A day after Joaquin Phoenix's bizarre appearance on David Letterman's "Late Show," the director of his final movie, "Two Lovers," said he's just as baffled about Phoenix's turn from Oscar-nominated actor to incomprehensible rapper as everyone else.
"If it is an act, it's the most committed act I've ever seen in my life," James Gray said in an interview with ABC News Radio's David Blaustein. "I mean, he built this studio [in his house]. The lengths to which he's taken it are quite extreme."
Phoenix's fatigue with acting was obvious while filming "Two Lovers," Gray said.
"Toward the end of the shoot, he kept saying 'Oh I'm so tired, I'm so tired.' You hear that kind of thing and you think it's a joke," he said. "I just ignored it."
So when Gray, who also worked with Phoenix on 2000's "The Yards" and 2007's "We Own the Night," found out via the Internet that Phoenix had vowed never to act again, he hunted down the star to confront him.
"I drove up to his house because his phone was disconnected," Gray said. "He said, 'I don't want to act anymore, I've been doing it for 30 years and if you did something for 30 years, you'd want to quit too.'"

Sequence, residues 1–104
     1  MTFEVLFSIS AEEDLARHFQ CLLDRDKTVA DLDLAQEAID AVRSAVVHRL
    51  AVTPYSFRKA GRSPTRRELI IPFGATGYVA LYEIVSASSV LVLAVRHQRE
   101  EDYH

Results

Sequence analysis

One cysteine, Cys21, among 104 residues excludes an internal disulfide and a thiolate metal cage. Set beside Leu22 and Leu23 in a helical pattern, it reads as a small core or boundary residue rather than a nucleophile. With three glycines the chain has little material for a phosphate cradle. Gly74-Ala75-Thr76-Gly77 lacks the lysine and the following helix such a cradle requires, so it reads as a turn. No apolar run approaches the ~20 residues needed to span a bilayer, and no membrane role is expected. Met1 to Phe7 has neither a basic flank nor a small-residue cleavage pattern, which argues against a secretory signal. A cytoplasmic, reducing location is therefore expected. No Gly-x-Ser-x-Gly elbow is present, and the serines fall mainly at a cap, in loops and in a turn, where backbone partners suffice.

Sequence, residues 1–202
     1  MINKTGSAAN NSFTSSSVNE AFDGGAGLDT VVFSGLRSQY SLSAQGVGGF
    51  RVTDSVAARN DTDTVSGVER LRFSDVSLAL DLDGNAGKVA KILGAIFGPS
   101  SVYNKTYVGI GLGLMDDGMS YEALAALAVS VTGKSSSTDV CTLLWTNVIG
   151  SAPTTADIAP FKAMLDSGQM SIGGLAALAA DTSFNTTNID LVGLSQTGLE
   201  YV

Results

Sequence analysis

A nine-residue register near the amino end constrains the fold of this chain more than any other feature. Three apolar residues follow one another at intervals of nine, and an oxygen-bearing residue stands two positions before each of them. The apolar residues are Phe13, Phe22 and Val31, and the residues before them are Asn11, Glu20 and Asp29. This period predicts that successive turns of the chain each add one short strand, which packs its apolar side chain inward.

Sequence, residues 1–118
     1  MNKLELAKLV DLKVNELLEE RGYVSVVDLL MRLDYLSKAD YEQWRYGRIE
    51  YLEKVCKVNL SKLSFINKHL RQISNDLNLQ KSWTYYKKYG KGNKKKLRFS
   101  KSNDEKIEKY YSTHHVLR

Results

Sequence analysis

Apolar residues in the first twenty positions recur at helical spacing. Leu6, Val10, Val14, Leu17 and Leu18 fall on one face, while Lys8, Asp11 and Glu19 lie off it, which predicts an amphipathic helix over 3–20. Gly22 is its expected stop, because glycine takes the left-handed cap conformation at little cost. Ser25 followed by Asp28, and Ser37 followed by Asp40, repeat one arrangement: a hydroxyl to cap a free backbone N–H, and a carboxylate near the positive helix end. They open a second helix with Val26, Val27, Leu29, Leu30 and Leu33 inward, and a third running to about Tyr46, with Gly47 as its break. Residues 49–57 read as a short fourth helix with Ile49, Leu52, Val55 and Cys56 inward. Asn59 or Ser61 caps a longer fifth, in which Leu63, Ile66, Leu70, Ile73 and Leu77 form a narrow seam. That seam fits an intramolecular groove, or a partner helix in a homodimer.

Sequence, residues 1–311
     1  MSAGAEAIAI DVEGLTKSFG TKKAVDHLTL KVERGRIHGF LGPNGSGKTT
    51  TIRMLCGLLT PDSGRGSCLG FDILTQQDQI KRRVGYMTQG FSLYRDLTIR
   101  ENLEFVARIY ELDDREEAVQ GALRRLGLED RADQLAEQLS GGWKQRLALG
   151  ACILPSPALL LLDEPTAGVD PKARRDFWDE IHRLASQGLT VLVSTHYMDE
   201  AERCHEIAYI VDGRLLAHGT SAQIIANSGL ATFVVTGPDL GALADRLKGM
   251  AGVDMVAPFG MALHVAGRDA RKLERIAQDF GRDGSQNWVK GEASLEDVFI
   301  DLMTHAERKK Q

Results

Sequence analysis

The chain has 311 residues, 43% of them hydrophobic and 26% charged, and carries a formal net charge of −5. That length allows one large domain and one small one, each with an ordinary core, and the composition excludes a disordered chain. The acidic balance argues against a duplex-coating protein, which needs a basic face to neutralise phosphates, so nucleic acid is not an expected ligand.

Now, Gray wonders if he's responsible for Phoenix's decision to quit acting and take up rapping, a project he's pursuing with Sean "P. Diddy" Combs and Casey Affleck.
"Two Lovers," which also stars Gwyneth Paltrow and Vinessa Shaw, features an awkward freestyle rap performance by Phoenix -- not unlike his real-life rap debut. Gray revealed Phoenix was imitating him during that scene.
"That rap thing ... in the movie actually comes from something I played for him," Gray said. "I had an obsession with doing that sort of thing as a teenager. ... It turns out that Joaquin is imitating me in a lot of the movie. He said, 'I want to do that, I want to steal from that, I want to do the rap that you used to do.' I said, 'OK.'
"And now I'm seeing him do this thing, and I feel like I've ruined Joaquin Phoenix for the world," Gray added. "I don't want to be the guy that destroyed Joaquin Phoenix's acting career."
Whether or not Phoenix is ruined as an actor, he's definitely out of sorts as a human being. In his interview with Letterman Wednesday, Phoenix, wearing a scraggly beard and dark sunglasses, seemed completely absent, staring off into space and answering questions with one-word answers.
Halfway through the interview, after a long pause from his guest, Letterman embraced the opportunity to make a fool of Phoenix.
"So what can you tell me about your days with the Unabomber?" he asked, eliciting howls of laughter from the audience. Phoenix didn't respond.
When Letterman ribbed Phoenix for chewing gum during the interview, Phoenix took the gum out of his mouth and stuck it to the "Late Show" host's desk.
That seemed to signal the end of the interview. Letterman closed the interview by saying, "Joaquin, I'm sorry you couldn't be here tonight."
Gray saw Phoenix Wednesday night, after the star taped his appearance on "The Late Show," but before it aired. Gray asked how the interview went.
"He said 'Oh it was good, it was really good," Gray said. "I watched it this morning ... I don't know what to say."